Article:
So yes, the race world, it's just part of a big sphere of fast fashion globally where this impact is absolutely devastating. So there's stats on cotton T-shirts, which create around two kilograms of eCO2 to create a single cotton T-shirt, but, staggeringly the report saying around 2,700 litres of drinking water goes into creating the cotton that goes into a single cotton T-shirt, which is just absolutely kind of devastating. And so it's going to be around a similar figure, if not higher for wicking T-shirts. And the worst thing about wicking T-shirts is that they're made out of microfibers. So when you put a wicking T-shirt in the wash, it's going to be releasing these micro fibers that then get released into our water system. So there's a lot of reports on the damage that micro fibers do. And when they're released and they don't get filtered out, they're washing through into fresh water and salt water and just really having a negative impact on the wildlife that live in these ecosystems. So yeah, it's pretty devastating, both the eCO2 pollution impact of a single T-shirt and the amount of water, the irrigation and the farming that can produce the cotton is pretty devastating. And then if you scale that up to a race that might have 10,000 runners, so you might be looking at 20 tons of eCO2 being created just for those race T-shirts, a staggering amount of waste for something that's really just a guess - it's a guess that these runners want them. And that can be completely eliminated. And then if you have a system where someone has to order their T-shirt, and you really know-- you're removing all the ones that are being created for nothing, you're replacing those with a tree, maybe, which does exactly the opposite, it's kind of a positive side of things, and then the ones that are being created, if someone's spending their own money on it, then it's much more likely that that one's going to be used. Hopefully it's a better quality T-shirt so the impact is less, and then the impact is for something, and it's being used by someone who wears it 30, 40, 50, 100 times the next 10 years. So it's worth it because, we know people consume, we're not trying to say never wear a T-shirt, never wear a race T-shirt because that's just not realistic. But we're trying to convince people that there's a better way, a better way of doing it - produce something of quality, and then even when you're looking at buying things outside of the race space, think of-- buy quality. If you buy a decent top, you buy it less time, you're more you're less likely to have to then throw that away in six months time. So yeah, that's the rule of thumb. That's what we're trying to implore that runners do through the races and also through their general consumption.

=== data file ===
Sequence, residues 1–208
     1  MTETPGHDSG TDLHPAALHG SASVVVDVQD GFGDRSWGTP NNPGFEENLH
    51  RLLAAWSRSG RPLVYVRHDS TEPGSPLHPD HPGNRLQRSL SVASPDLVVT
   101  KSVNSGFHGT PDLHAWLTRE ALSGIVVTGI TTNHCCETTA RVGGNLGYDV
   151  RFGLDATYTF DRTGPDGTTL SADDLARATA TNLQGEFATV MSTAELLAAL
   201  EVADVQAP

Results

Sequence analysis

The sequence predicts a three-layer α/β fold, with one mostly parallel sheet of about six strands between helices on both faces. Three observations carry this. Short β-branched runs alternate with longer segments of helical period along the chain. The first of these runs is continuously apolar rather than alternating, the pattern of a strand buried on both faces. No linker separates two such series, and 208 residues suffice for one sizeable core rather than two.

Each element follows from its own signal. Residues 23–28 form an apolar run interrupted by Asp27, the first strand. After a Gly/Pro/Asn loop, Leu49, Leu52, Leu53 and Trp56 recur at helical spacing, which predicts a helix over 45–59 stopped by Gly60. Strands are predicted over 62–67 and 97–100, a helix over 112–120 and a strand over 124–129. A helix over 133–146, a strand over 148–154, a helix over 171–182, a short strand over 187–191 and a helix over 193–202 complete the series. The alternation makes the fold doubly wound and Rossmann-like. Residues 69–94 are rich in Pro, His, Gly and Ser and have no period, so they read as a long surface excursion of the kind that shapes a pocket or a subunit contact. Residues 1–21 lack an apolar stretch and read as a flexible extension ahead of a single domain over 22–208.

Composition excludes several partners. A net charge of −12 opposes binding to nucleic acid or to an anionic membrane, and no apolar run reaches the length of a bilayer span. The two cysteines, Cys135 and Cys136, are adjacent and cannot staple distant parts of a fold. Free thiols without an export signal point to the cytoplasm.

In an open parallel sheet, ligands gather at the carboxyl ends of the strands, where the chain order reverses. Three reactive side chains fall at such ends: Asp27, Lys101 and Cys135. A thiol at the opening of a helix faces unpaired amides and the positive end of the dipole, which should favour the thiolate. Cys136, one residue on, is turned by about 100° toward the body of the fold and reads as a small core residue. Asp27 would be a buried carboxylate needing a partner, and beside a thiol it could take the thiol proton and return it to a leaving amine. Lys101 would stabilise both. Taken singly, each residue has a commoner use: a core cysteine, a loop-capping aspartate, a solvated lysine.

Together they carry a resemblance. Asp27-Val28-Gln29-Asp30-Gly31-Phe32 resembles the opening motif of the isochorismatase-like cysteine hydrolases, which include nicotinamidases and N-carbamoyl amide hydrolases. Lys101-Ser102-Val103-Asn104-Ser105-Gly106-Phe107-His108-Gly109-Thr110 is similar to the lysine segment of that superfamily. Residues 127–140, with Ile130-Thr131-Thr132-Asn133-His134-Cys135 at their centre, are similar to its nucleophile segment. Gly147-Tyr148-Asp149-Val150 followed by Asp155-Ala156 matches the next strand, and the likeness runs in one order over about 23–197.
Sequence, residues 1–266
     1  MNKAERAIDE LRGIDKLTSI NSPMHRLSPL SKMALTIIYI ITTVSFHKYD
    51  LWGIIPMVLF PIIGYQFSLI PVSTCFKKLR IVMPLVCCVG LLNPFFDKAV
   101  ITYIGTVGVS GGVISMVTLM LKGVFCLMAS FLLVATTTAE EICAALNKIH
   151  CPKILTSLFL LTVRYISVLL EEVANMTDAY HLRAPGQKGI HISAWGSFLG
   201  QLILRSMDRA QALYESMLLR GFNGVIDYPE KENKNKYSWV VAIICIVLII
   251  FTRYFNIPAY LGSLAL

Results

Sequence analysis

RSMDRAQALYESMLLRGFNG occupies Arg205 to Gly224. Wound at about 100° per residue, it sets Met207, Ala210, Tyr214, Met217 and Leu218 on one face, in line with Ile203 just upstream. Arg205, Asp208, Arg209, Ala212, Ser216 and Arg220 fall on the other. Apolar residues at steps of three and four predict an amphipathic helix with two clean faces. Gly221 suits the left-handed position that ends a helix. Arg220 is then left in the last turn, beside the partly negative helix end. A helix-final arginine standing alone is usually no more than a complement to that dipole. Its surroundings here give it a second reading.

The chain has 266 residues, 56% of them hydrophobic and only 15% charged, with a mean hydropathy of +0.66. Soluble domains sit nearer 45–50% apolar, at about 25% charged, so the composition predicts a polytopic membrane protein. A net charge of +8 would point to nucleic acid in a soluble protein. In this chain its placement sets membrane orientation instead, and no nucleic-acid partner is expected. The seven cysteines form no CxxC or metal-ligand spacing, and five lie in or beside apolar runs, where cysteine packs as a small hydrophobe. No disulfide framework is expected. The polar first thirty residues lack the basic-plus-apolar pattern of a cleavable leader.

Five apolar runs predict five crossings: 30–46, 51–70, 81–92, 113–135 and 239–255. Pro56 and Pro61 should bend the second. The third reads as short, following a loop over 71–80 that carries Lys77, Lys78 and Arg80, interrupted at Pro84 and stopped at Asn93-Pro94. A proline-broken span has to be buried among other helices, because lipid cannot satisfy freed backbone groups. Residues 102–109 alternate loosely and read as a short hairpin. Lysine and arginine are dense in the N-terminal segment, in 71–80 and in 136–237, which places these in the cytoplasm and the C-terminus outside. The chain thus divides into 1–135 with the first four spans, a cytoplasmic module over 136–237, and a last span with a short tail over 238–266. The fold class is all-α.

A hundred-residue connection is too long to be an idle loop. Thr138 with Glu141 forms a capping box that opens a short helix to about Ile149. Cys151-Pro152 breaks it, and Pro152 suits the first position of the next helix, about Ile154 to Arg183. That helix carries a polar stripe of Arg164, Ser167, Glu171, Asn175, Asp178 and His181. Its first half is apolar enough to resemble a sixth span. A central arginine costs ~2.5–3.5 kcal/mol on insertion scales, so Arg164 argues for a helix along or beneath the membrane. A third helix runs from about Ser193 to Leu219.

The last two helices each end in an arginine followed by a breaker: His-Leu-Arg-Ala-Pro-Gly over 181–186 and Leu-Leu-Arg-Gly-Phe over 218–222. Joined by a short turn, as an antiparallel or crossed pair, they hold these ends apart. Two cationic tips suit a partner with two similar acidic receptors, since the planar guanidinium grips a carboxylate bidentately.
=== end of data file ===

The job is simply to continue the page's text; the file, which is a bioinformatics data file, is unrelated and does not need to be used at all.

Panos:

So eCO2 you mentioned there at the beginning, is that some kind of CO2 equivalent or something? Like some kind of way of measuring the greenhouse gases that come out of the process of producing the T-shirt?

Chris:

Yeah, exactly. So it's taking up the corresponding amount of CO2 that is given out into the atmosphere through that production.

Panos:

So, generally, do you have any idea of what percentage of a race's carbon footprint would be eliminated by eliminating T-shirts? Or even by reducing the number of T-shirts that are given out? I know it's a pretty open-ended, depends-on-a-lot-of-stuff kind of question. But it'd be really interesting to hear if there's any kind of data on that.

Chris:

So it's tough to know, really, because when you're looking at the different scopes, so you're looking at-- when you look at carbon footprint, you're looking at scope 1, 2, 3. So scope 1 would be the energy that is used by that company. So you look at the company's - if it's a big race - the company's office and the energy that is used to actually set up the race itself. And I would think that the T-shirts would also kind of fall into that, or fall into scope 2 which would be the supply chain for the products. But it would be definitely a considerable chunk of that. Another really big part of what we're seeing is the travel. So for runners traveling to a race, it's a huge part of the footprint as well. And it's something we're starting to explore more, because if you've got-- if you've got a global race, think of the big marathon majors, you've got people coming from across the globe, and you're a victim of your own success, because people want to travel across the globe to your race. But the footprint of that is absolutely colossal. So we're working with a few partners to potentially look at ways of providing offsetting in the ticketing journey as well, which hopefully we'll be launching soon, because that's, again, it's something that's so linked to our everyday behavior, so that more and more when we're looking at offsetting our footprint as general everyday consumers. So we're hoping to be able to encourage runners to start doing that on a small level, to offset their travel to their races. And then the T-shirt just really supplements that as a way of reducing another element of their footprint, and transforming that into something positive for a tree.